• Wireframe: A wireframe is a simple layout format of a website or app meant to clearly illustrate the structure, feature placement, and navigation. Wireframes are used to best configure a website or app architecture, in order to achieve efficiency in a design. I’ve never seen a wireframe, that I am aware of, but this makes me think of the class I took on Digital Layout – there was a section where before we ever had content, we created thumbnails and a layout on a grid of how our magazine spread would look. This is what I imagine wireframing to be like.
  • Site Map: Or Sitemap – is a list of pages of a website. There are three kinds used in the world. 1.) For the designing phase of a website; 2.) for the use, as a publicly posted list of the hierarchy of a webpage; and, 3.) for the use of search engines to find relevant information on a site. Though often found at the bottom footer of a website, it is not a requirement. Here is PG&E’s sitemap as an example: https://www.pge.com/en_US/sitemap.page
  • Web Page Header: A Web Page Header sits at the top of every page of a website, unless I doesn’t. It may be featured on every page of a website, or just on the homepage. It often contains a company logo and possibly a tagline or statement. In the illustration here you can see clearly a Web Page Header is something that is familiar to you, as it is often found on every page of a site above a navigation bar.
  • Web Page Footer: Just the opposite of a Web Page Header, the Footer is found at the bottom of each page. In a way the header and footer frame each webpage, while the content in between the two will change. The footer, we have been accustomed to, is often where a user can find more details about a particular website. Most likely many more details than in the navigation bar or menu. A user may also find the company’s address, contact info., and copyright of the website in the footer. It was in the PG&E website footer that I found their link to the sitemap.
  • Webfonts: Web fonts are not the same as Web Safe Fonts. Web Safe Fonts are fonts that a website designer would choose because they would be a safe bet that most users have that font already pre-installed on their computer or device. Web Fonts are actual fonts that are downloaded to a users device as they are rendering your website. The downside to this it could slow load times for your website, but you would ensure every user could see your website just as you intended. In searching for a web font enabled website example, I came across a website that gives awards for web font design use! Check it out there are so many awesome examples of specific design choices using typography, which a designer would want to be true and universal for every user that finds his or her or their website: https://www.awwwards.com/websites/web-fonts/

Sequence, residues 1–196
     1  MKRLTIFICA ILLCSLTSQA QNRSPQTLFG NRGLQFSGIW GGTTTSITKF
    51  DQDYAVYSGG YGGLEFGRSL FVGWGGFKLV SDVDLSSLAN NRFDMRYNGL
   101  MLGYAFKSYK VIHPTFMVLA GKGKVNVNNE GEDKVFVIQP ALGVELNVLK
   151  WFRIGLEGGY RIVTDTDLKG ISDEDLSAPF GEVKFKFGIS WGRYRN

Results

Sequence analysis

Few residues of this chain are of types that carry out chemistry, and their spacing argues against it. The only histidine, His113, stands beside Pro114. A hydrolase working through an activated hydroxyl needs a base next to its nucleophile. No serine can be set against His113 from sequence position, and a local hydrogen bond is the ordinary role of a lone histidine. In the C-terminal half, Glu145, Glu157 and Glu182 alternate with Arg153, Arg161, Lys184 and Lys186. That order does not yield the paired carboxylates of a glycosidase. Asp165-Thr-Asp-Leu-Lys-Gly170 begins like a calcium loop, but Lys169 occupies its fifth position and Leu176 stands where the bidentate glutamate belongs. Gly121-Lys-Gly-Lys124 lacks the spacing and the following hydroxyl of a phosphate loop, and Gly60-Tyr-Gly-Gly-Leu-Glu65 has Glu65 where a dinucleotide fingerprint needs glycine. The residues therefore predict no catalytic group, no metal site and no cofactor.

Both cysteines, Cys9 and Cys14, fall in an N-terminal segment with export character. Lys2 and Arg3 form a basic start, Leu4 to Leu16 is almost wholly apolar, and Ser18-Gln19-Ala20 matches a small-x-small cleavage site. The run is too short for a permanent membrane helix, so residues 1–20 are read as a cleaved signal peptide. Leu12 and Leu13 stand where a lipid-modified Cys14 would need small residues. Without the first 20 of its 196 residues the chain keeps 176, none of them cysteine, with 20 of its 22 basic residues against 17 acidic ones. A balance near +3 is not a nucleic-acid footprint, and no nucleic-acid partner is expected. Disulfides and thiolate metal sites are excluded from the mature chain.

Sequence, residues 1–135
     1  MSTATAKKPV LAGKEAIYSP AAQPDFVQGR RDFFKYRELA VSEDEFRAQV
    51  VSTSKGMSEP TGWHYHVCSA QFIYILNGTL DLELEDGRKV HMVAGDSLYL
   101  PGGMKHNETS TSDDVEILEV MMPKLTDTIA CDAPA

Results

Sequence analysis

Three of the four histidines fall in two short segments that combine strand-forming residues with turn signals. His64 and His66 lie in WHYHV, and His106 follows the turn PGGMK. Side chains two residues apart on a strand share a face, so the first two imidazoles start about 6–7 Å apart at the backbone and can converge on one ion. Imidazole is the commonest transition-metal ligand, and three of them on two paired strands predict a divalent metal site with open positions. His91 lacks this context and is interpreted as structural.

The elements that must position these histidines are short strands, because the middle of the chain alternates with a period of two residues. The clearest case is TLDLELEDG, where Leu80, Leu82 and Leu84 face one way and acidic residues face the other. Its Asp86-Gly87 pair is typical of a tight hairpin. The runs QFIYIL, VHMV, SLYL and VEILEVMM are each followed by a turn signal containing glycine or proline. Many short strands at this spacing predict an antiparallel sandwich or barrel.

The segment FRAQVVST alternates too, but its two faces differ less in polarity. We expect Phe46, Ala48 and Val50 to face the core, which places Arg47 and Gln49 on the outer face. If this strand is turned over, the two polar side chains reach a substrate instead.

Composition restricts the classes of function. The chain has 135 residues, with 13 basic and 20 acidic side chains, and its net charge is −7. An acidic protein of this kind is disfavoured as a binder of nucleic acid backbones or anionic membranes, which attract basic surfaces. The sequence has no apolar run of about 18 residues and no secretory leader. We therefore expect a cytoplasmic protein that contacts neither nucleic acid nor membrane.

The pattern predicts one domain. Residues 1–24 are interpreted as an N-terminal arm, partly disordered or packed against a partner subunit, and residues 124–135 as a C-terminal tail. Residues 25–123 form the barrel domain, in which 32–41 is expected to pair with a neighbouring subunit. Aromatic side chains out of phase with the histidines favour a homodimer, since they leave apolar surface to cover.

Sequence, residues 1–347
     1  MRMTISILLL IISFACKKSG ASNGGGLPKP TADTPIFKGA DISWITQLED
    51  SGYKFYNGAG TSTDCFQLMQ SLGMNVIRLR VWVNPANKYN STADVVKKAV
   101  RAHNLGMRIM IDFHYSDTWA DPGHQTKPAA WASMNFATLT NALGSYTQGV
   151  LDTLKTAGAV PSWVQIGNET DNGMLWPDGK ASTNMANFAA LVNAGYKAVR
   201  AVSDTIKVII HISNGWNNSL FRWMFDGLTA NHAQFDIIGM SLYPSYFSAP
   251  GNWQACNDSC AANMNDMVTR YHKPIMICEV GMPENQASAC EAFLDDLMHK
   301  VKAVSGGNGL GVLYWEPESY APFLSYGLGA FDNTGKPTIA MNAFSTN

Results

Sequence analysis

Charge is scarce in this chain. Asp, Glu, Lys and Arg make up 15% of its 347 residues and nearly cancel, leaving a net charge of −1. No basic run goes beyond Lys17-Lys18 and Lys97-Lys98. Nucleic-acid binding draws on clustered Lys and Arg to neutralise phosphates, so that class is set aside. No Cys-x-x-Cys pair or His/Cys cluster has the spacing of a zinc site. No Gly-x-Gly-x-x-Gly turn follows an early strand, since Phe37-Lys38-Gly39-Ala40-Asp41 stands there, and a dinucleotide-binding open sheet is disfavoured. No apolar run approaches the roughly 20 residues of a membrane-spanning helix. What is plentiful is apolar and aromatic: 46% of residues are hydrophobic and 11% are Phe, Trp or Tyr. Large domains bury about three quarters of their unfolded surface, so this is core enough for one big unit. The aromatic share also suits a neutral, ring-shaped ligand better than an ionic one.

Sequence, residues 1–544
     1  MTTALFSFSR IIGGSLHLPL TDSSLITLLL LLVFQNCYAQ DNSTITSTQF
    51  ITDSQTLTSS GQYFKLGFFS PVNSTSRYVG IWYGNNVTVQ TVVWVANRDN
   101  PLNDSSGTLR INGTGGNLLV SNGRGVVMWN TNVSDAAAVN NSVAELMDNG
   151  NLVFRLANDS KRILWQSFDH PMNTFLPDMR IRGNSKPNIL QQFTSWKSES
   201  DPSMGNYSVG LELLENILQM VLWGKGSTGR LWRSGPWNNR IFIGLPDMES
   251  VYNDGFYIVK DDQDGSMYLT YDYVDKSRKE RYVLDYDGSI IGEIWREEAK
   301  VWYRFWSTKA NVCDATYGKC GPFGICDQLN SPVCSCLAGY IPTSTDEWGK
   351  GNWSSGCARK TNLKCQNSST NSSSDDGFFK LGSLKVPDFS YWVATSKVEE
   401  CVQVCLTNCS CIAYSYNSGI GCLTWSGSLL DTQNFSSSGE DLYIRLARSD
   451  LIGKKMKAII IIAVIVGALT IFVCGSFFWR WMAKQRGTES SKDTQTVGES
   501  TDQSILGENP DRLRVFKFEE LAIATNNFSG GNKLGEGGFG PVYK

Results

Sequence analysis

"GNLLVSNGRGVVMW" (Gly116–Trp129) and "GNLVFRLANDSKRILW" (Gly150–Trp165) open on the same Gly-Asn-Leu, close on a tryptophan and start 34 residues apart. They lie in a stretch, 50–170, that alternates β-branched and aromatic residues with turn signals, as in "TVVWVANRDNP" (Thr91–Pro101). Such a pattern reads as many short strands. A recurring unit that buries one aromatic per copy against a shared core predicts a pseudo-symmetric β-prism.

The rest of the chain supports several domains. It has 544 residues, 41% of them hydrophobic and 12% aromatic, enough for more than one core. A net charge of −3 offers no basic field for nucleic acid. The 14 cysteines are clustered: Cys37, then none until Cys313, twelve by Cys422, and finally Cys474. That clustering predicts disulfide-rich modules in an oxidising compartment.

• Creative Commons: A Creative Commons license is one of many types of copyright licenses that enable the free distribution of copyrighted work. This is the kind of license an author would use to enable others to use, share or build upon their work. Creative Commons, the non profit organization issues the licenses to ensure that certain work is accessible by the public. For example, Flickr helps you find photographers who have identified which of their work is free to use under a Creative Commons license: https://www.flickr.com/creativecommons/
  • Skeuomorphism: A design concept often used for user interface design wherein the visual aspects, symbols and design elements are made to mimic their real-world inspirations. Like a blog site whose background looks like paper, or a website for an aquarium that looks like it’s underwater. This is meant to create an emotional reaction and sense of familiarity for the user.This blog entry by Jessica Moon has some wonderful examples of this design concept in action:https://www.dtelepathy.com/blog/inspiration/50-skeuomorphic-designs
  • Web-Safe Color: These were colors used when computers were limited to just 256 colors. Many attempts were made to create a “standard” color palette. A color table was created which contained 216 variations. This was to avoid dithering, or color altering in graphics which had colors that another users computer did not have. As of 2011 web safe colors have practically fallen into disuse due to the fact that computers now typically have 24-bit (TrueColor).